Rep. Dave Joyce Objects To Marijuana-Related Firings at the White House

DISTRICT OF COLUMBIA:  Congressional Cannabis Caucus co-chair Dave Joyce responded to last week’s reports that President Joe Biden fired five White House staffers over past marijuana use with a letter that urges Biden to reconsider his stance on employing people who’ve used marijuana.

The Bainbridge Township Republican’s letter observes that numerous states and territories have enacted “sensible cannabis reforms and legalization measures which have overturned decades-long policies that are both arcane and discriminatory,” and that “when used correctly and responsibly, cannabis has many proven health benefits, including the treatment of PTSD and serving as an opioid alternative to pain management.

“As our nation continues to grapple with an increased rate of PTSD amongst our veteran communities and a growing opioid crisis that has caused thousands of fatal overdoses amid the COVID-19 pandemic, we should be encouraging these therapies, not finding ways to further stigmatize and disenfranchise them,” Joyce’s letter continued.

Joyce’s letter said he’s also concerned about the message the federal government is sending by penalizing people who have been truthful about cannabis consumption, saying that “in a nation where the truth is considered malleable, we need to demonstrate to our young public servants that telling the truth is an honorable trait, not one to be punished.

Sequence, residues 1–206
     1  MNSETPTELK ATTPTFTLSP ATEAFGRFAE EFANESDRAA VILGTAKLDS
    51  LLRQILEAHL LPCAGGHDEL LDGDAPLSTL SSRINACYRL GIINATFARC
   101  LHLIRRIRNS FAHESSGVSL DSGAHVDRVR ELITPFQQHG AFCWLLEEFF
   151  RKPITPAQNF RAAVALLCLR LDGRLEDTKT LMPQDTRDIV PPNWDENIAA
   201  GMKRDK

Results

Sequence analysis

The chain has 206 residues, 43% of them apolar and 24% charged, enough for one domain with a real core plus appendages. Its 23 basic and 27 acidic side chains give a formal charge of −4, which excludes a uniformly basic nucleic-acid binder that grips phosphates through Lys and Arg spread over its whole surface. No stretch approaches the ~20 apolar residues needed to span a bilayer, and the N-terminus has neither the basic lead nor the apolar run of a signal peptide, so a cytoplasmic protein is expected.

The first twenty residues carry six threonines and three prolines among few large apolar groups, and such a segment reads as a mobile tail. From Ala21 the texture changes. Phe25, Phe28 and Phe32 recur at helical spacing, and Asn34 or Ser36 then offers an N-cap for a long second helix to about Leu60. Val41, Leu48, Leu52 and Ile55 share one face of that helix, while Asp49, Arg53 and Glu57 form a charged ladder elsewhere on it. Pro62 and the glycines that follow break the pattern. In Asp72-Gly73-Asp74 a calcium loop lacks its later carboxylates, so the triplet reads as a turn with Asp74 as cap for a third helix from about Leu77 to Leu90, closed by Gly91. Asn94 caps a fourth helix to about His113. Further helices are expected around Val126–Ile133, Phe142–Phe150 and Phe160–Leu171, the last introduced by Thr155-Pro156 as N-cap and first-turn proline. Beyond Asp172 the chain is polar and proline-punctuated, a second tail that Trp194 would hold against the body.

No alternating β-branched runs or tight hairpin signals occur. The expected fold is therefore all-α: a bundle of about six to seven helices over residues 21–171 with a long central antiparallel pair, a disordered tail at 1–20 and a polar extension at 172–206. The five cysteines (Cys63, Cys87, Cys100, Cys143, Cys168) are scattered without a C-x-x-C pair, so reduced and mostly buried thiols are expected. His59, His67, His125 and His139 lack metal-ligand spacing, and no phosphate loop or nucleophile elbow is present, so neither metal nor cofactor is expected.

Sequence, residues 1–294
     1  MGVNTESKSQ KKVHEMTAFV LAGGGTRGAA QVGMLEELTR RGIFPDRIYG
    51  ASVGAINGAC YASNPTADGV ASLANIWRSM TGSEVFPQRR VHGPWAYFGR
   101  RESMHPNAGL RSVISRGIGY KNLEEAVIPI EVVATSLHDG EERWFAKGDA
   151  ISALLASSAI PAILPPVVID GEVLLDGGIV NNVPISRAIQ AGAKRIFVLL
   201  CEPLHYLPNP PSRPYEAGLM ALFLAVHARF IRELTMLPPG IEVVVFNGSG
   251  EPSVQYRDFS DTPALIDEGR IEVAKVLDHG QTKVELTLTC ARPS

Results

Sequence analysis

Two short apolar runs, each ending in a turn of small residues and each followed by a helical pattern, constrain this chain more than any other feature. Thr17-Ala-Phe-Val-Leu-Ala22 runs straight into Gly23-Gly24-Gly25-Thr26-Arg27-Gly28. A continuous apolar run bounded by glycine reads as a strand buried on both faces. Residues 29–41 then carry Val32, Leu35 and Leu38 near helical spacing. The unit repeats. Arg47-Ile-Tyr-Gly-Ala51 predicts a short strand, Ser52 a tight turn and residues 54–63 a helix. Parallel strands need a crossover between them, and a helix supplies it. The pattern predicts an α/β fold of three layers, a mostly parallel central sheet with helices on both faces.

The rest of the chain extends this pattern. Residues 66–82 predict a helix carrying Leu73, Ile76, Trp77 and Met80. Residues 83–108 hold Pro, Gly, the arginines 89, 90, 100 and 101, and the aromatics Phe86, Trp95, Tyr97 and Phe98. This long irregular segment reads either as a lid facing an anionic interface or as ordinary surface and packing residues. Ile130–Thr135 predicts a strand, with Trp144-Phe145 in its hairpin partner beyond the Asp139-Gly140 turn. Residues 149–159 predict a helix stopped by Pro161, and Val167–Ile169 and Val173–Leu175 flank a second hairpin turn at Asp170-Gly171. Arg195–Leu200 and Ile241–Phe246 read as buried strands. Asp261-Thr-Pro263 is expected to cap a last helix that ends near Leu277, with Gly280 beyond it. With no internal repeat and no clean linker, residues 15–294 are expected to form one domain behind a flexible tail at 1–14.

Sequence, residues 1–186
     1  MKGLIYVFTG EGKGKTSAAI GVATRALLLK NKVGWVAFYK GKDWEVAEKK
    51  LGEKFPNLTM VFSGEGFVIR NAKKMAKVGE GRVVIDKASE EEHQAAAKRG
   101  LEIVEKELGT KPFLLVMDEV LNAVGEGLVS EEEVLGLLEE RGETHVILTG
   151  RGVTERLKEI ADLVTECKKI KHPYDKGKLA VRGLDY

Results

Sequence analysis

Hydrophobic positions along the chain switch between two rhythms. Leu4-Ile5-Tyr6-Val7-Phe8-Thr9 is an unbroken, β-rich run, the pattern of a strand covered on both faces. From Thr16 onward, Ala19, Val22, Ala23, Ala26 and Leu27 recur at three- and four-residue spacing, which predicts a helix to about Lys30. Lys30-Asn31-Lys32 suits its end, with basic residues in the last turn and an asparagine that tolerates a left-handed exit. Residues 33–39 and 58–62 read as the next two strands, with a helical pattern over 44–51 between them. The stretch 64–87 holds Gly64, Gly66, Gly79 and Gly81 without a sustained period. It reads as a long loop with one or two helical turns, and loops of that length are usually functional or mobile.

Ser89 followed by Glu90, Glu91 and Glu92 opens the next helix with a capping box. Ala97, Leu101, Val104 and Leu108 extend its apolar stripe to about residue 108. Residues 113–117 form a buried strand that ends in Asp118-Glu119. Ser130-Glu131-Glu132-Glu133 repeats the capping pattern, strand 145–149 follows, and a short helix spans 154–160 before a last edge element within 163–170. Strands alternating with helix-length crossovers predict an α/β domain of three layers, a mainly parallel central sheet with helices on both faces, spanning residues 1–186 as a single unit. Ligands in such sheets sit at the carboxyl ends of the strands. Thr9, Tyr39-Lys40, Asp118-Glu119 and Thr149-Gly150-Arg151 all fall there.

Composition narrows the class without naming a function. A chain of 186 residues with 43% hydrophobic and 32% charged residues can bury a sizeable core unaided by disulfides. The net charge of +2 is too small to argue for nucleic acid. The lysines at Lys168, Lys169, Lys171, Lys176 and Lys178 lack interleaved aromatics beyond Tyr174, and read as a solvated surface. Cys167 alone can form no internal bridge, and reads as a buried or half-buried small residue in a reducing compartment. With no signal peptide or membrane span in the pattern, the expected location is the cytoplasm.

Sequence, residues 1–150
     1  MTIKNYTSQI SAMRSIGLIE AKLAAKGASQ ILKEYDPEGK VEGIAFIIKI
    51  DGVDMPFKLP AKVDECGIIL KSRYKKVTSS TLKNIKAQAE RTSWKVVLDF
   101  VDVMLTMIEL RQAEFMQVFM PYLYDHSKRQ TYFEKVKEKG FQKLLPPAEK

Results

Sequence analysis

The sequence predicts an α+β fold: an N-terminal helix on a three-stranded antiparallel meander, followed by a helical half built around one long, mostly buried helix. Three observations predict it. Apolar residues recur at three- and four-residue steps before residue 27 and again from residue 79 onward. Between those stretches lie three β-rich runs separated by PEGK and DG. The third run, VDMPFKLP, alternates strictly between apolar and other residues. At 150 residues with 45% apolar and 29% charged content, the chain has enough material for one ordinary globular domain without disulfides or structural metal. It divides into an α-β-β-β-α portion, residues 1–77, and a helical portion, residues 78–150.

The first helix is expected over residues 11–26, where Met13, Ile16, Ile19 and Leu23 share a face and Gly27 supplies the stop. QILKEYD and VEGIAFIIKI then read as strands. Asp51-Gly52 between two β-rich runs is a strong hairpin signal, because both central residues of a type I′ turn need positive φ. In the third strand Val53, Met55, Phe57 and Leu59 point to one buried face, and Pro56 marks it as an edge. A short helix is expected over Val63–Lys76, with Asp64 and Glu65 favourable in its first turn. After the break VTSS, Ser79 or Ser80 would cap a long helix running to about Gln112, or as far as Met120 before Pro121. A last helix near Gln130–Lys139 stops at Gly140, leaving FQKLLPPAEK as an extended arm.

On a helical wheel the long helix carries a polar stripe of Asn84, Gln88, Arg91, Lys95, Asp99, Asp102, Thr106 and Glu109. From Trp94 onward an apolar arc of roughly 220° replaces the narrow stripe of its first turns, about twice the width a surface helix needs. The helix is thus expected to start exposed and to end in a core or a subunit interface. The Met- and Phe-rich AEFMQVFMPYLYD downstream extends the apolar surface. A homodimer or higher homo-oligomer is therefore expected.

“I respectfully request that your administration discontinue punishment of staff for being honest about their prior cannabis use and reinstate otherwise qualified individuals to their posts,” Joyce’s letter continued. “Moving forward, I encourage your administration to focus its efforts within cannabis on establishing an effective federal regulatory framework which recognizes that continued cannabis prohibition is neither tenable nor the will of the American electorate. I stand ready and willing to work with you in this regard.”

Joyce also joined a bipartisan group of more than 100 colleagues in reintroducing a bill that would let marijuana-related businesses in states with some form of legalized marijuana and strict regulatory structures to access the banking system. Legal marijuana businesses must currently operate on a cash basis because current laws keep them from accessing the banking system, increasing robbery risks. Republicans Bob Gibbs of Holmes County, Steve Stivers of Columbus and Warren Davidson of Miami County cosponsored the bill.

When questioned about the firings on Wednesday, White House Press Secretary Jen Psaki noted that marijuana remains federally illegal despite its legal status in some states. She said rules against marijuana use were “far more stringent” during the administration of former President Barack Obama. She said a number of the five individuals who are no longer employed at the White House had additional “security issues.”

“I think if marijuana was federally legal, that might be a different circumstance,” said Psaki.